Mentions: Shortly after the demonstration of imatinib efficacy in metastatic GIST, research efforts were focused on the molecular heterogeneity and impact of genotypic variations on clinical outcomes. It is now appreciated that 85% to 90% of all GISTs harbor activating mutations in either KIT or PDGFRA. As shown in Figure 2, the majority of these mutations occur in KIT; exon 11 (66%) being most commonly affected followed by exon 9 (13%), with low incidences in exon 13 and 17 (about 1% each). Mutations in PDGFRA represent less than 10% of all mutations with exon 18 mutations (about 6%) being more common than exon 12 mutations (about 2%). The remainder of GISTs (12%) are wild-type for both KIT and PDGFRA.30 Tumor genotype has a major influence on clinical outcomes in the setting of imatinib therapy. In one of the earliest studies correlating genotype to clinical response, using tumor tissue available from 127 of 147 patients enrolled on the North American phase II trial of imatinib in patients with advanced GIST, partial response rate in patients with tumors that harbor exon 11 KIT mutation was significantly superior to those patients whose tumors harbor exon 9 KIT mutation and wild-type GIST, 84% versus 48% respectively. In addition, progression-free and overall survival was superior in patients with exon 11 mutation.31 Similar findings were reported in the larger phase III studies evaluating standard and high dose imatinib. In the North American study, the presence of tumor KIT exon 11 mutation correlated with an improved objective response rate to imatinib (72%, 44%, 45% respectively), time to progression (median 25 months, 17 months and 13 months respectively) and overall survival (median 60 months, 38 months and 49 months respectively) when compared to patients with KIT exon 9 mutation and wild-type GIST. Additionally no significant differences were detected between KIT exon 9 mutants and wild-type GIST.32 Likewise in the EORTC-led study, of 946 patients randomized to treatment, 377 had adequate tumor material for mutational analysis. When compared with patients whose tumors harbor exon 11 mutants, presence of exon 9 mutations and wild-type GIST were the strongest adverse prognostic factor for objective response, risk of progression and death.33 Having identified a “high-risk” cohort of patients, investigators next questioned if imatinib dose-escalation could overcome this adverse prognostic feature. In the meta-analysis of the two large phase III imatinib dose-efficacy studies undertaken by Van Glabbeke and colleagues, a statistically significantly progression-free survival benefit in patients who received imatinib 800 mg/day was demonstrated in the subset of patients with KIT exon 9 mutations from EORTC dataset. This finding was not confirmed in the North American dataset. However, the benefit of imatinib 800 mg/day remained significant in the pooled dataset, median progression-free survival of 6 months versus 19 months, in the standard-dose and high-dose imatinib arms respectively, for patients whose tumors harbor exon 9 mutations.26,32,33 This finding may account for the improved overall progression-free survival seen in the EORTC study attributed to high-dose imatinib, where a larger proportion of KIT exon 9 mutants were enrolled (15% of analyzed patients in the EORTC study versus 8% in the North American study).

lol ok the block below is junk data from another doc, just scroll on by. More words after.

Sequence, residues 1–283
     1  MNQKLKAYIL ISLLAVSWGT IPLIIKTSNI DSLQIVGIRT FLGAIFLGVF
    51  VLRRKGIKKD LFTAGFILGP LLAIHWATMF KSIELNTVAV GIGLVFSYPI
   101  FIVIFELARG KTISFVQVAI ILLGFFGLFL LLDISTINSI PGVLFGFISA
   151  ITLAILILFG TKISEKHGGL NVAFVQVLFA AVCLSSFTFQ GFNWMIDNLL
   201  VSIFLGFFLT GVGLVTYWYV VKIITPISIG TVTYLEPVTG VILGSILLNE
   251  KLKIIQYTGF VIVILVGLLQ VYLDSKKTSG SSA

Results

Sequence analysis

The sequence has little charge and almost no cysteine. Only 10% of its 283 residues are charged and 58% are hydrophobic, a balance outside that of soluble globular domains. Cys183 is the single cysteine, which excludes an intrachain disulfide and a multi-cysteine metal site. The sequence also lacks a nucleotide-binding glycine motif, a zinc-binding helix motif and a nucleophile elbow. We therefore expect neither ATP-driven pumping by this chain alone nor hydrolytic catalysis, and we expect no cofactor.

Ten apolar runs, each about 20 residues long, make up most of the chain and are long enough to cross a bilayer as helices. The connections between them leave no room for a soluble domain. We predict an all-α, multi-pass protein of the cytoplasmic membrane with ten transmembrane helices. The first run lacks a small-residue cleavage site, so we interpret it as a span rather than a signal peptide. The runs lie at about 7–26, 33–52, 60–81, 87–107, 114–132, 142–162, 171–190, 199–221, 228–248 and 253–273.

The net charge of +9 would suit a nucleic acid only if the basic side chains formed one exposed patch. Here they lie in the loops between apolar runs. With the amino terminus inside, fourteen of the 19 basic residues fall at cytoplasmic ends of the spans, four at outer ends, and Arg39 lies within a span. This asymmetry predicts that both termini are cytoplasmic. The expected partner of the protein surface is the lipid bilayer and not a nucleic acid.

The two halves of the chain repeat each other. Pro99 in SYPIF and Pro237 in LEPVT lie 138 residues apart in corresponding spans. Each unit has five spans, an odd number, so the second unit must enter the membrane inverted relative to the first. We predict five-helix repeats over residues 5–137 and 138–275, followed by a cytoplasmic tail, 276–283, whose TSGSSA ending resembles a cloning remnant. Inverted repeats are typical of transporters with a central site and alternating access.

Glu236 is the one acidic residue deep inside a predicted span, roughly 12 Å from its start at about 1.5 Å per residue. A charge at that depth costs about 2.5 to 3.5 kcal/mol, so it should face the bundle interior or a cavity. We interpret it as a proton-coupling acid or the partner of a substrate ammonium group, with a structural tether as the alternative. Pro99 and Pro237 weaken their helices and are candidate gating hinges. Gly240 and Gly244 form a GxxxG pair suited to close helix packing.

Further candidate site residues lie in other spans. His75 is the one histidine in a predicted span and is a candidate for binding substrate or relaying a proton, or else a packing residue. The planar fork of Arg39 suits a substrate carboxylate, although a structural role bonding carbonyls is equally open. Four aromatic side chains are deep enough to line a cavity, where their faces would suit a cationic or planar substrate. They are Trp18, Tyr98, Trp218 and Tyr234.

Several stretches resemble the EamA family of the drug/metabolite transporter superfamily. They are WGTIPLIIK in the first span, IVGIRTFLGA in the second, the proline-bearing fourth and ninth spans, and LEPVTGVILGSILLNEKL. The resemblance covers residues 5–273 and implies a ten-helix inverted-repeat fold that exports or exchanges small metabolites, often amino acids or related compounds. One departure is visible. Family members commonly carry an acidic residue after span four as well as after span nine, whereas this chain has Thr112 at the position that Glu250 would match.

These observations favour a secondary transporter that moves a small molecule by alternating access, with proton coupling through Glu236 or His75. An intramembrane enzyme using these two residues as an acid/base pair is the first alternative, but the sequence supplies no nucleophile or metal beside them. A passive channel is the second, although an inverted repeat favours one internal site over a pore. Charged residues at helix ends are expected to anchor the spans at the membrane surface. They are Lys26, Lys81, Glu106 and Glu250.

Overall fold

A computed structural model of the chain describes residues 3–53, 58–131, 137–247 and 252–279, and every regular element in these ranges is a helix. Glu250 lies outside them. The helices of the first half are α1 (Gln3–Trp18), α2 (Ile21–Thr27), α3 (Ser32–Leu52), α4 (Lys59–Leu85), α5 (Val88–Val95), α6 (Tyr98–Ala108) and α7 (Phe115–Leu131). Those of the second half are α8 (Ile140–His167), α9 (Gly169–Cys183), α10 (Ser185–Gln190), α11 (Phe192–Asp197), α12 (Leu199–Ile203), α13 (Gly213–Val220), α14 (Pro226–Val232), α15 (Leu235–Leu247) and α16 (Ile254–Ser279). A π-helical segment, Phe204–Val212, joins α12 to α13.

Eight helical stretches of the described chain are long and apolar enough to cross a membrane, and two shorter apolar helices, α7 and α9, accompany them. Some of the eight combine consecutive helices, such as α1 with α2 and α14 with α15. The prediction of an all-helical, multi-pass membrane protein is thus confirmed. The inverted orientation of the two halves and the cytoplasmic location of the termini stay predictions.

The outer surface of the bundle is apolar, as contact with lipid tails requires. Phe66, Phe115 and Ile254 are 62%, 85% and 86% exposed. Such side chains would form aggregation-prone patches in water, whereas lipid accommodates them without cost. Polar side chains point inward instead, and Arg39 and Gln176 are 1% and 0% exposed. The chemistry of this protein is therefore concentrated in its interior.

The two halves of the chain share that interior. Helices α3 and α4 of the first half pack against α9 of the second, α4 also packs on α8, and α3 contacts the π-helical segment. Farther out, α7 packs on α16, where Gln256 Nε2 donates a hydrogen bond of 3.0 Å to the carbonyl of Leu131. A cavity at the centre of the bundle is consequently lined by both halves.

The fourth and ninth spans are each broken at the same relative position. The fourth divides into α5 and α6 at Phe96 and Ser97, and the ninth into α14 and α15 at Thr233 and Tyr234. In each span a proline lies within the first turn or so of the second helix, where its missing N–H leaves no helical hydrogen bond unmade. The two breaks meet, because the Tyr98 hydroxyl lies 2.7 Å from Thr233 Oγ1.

Update on the treatment of gastrointestinal stromal tumors (GISTs): role of imatinib.

Quek R, George S - Biologics (2010)

Structure of KIT and PDGFRA. The location and relative frequencies of GIST-associated kinase mutations are depicted in relation to the structural features of KIT and PDGFRA. The remainder of GIST (about 12% in this series) do not harbor detectable KIT or PDGFRA mutations.Adapted with permission. © 2004 American Society of Clinical Oncology. All right reserved. Corless CL, Fletcher JA, Heinrich MC. Biology of gastrointestinal stromal tumors. J Clin Oncol. 2004;22(18):3813–3825.30 Adapted with permission. © 2003 American Society of Clinical Oncology. All right reserved. Heinrich MC, Corless CL, Demetri GD, et al. Kinase mutations and imatinib response in patients with metastatic gastrointestinal stromal tumor. J Clin Oncol. 2003;21(23):4342–4349.31